The supported protocols for each are as follows:

  • Solace Messaging — Solace client libraries communicate over proprietary Solace Message Format (SMF) protocol over TCP. The client libraries available are:
    • Solace PubSub+ Messaging API for C

    • Solace PubSub+ Messaging API for .NET
    • Solace PubSub+ Messaging API for Java
    • Solace PubSub+ Messaging API for Java (JCSMP)
    • Solace PubSub+ Messaging API for JavaRTO
    • Spring Boot JMS API
    • Spring Boot Java API
    • Spring Cloud Stream
  • Solace Web Messaging — Solace client libraries communicate over proprietary Solace Message Format (SMF) protocol over Web sockets or HTTP. The client libraries available are:
    • Solace PubSub+ JavaScript Messaging API
    • Solace PubSub+ Node.js Messaging API
    • Solace PubSub+ Messaging API for Python
  • AMQP — Open APIs that use the AMQP protocol.
  • MQTT — Use open APIs that use the MQTT protocol.
  • REST — Use the REST protocol to exchange messages with event broker services.

For more information, see the Developing Applications with PubSub+ CloudOpen APIs & Protocols

Authentication and Authorization for Messaging Clients

For production usage, Solace recommends that client applications connect to the event broker services to access message data using the available authentication and authorization models that pertain to your organization's security requirements.

The following are considerations for the authentication and authorization for messaging clients that you may want to implement as well.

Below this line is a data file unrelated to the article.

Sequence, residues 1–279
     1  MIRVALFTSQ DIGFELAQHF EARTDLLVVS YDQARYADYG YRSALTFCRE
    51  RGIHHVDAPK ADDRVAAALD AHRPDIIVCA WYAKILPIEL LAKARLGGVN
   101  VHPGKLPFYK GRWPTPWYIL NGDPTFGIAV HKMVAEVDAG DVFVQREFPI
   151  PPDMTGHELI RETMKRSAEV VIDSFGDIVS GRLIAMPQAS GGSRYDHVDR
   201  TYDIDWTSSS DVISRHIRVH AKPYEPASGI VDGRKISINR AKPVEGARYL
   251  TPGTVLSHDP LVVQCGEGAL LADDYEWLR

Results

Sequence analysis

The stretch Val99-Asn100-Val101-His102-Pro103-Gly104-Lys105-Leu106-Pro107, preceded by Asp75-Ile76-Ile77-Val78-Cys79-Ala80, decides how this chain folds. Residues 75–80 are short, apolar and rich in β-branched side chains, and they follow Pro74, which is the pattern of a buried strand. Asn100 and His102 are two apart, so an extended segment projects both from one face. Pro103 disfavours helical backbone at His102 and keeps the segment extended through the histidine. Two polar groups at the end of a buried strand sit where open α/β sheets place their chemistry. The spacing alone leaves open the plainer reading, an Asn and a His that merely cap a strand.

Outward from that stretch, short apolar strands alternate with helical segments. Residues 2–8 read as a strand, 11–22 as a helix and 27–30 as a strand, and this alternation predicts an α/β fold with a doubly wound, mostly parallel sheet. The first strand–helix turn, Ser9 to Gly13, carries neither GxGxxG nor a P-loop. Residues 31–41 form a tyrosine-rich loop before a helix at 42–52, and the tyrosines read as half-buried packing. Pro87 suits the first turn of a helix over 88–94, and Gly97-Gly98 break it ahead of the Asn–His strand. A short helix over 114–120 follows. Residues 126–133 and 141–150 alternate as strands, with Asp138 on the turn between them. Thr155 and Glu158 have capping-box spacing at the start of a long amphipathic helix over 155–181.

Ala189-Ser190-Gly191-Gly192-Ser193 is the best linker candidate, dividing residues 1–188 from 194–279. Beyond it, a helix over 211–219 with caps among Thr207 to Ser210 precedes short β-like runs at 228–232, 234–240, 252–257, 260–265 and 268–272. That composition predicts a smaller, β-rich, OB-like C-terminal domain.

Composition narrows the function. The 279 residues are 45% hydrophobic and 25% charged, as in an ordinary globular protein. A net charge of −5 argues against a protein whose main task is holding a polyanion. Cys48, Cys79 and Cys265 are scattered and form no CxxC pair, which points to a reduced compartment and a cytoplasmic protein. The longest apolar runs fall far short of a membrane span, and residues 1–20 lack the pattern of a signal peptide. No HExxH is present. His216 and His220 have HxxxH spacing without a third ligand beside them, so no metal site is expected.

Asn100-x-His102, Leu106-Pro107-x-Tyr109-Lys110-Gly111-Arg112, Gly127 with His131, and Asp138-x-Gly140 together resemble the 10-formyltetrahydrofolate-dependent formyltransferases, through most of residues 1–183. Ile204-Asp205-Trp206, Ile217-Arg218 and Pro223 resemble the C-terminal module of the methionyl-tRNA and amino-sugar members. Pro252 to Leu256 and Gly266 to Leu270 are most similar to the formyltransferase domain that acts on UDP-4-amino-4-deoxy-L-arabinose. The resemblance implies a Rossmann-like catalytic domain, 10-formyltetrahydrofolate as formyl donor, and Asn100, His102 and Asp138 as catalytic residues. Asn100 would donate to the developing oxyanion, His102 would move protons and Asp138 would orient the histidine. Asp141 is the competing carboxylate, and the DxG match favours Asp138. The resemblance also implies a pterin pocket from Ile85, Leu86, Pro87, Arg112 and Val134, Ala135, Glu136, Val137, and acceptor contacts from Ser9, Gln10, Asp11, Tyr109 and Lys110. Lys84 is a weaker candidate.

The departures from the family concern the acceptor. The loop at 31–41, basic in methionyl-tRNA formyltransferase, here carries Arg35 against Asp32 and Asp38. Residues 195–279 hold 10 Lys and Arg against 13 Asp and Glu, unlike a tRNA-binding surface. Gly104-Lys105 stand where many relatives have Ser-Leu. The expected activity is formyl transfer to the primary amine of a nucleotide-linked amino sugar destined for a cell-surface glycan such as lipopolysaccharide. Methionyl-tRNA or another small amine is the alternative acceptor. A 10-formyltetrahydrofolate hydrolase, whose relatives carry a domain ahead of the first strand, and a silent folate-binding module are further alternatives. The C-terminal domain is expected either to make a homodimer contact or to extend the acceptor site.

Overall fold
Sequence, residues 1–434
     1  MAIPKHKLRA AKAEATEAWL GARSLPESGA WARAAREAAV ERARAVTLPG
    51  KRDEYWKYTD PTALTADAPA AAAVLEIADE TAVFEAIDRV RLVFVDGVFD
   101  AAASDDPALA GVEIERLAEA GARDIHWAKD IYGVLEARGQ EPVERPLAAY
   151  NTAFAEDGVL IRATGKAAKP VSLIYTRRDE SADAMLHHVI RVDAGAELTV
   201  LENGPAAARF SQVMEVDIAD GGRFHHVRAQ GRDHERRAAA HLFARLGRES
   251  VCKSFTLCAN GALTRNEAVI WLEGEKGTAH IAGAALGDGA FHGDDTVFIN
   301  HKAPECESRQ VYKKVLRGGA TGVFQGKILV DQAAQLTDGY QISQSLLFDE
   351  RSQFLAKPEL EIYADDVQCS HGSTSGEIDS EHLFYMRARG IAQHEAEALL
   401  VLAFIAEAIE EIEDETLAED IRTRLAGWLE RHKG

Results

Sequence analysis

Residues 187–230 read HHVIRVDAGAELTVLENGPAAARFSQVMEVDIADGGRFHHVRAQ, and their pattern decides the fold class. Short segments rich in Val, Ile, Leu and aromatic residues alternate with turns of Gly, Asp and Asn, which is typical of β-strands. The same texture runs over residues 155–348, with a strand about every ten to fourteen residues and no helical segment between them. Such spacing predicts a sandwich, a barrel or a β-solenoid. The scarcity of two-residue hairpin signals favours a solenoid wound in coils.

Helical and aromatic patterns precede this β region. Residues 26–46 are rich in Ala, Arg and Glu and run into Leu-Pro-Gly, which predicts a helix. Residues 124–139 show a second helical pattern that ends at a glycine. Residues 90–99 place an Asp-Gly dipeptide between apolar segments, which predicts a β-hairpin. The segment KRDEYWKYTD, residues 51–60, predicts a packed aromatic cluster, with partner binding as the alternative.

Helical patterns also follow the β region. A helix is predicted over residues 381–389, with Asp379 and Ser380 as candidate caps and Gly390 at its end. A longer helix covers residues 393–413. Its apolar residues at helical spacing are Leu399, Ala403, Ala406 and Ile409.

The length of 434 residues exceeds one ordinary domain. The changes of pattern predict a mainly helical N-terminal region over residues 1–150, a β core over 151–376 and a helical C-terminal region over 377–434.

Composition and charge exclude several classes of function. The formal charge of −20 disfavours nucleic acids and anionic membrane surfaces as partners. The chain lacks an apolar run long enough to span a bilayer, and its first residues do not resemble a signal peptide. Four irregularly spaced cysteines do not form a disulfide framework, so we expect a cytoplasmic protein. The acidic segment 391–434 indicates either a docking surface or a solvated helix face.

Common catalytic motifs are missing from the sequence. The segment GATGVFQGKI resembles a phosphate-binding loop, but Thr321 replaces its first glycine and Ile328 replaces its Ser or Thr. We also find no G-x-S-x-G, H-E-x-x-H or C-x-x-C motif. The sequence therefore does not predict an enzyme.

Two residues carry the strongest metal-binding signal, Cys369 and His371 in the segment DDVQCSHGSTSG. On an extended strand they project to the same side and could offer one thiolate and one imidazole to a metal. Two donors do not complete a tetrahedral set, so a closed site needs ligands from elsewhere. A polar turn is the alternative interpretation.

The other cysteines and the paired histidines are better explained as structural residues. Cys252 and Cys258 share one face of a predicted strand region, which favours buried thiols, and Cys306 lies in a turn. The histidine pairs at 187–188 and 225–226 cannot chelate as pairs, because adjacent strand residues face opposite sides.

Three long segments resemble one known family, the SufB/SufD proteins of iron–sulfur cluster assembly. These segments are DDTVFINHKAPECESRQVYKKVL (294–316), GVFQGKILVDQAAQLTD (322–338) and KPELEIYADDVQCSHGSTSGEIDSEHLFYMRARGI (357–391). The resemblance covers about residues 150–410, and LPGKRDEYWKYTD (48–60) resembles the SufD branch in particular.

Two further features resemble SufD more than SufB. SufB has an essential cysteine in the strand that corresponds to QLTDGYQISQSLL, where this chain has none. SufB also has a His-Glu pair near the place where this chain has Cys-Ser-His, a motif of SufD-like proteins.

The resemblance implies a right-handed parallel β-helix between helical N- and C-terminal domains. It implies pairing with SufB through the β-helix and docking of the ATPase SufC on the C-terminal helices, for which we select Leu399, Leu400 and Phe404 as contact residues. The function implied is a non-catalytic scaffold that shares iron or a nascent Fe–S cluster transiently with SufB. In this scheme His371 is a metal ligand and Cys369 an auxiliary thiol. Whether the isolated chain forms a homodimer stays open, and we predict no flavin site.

For authentication:

  • When an event broker service is created, by default, the username of solace-cloud-client and a unique password is generated for the supported protocols that were enabled at creation time. These usernames and passwords are stored on an internal database on the event broker service for ease of use and integration for basic authentication for development.

    The usernames and passwords used for each protocol are available on the Status tab in Mission Control for each event broker service for basic authentication. In production environments, we recommend that you use a more robust authentication scheme rather than the basic authentication with an internal database. Specifically, we recommend that client applications connect to the event broker services to access message data using the same security requirements for authentication as your environment.

  • Client applications connect to event broker services using secure, encrypted communication. Like users, applications are authenticated and can use basic authentication, LDAP-based authentication, client certificate authentication, OAuth Provider authentication, and authentication using a certificate from a certificate authority.

    The authentication mechanism is configurable on a per event broker service level, which means that it is possible to have multiple event broker services running on the same deployment (data center) with non-homogenous authentication schemes. For example, you could use LDAP authentication for one service and OAuth for another service. For more information about configuring authentication for an event broker service, see Configuring Authentication.

For authorization:

  • After (or in conjunction with) authentication, the client application must be authorized to access the system's data and resources. We recommend that in production that you configure your event broker services to handle different authorization levels that include:
    • ability or authorization connections
    • to consume resources
    • to send and receive data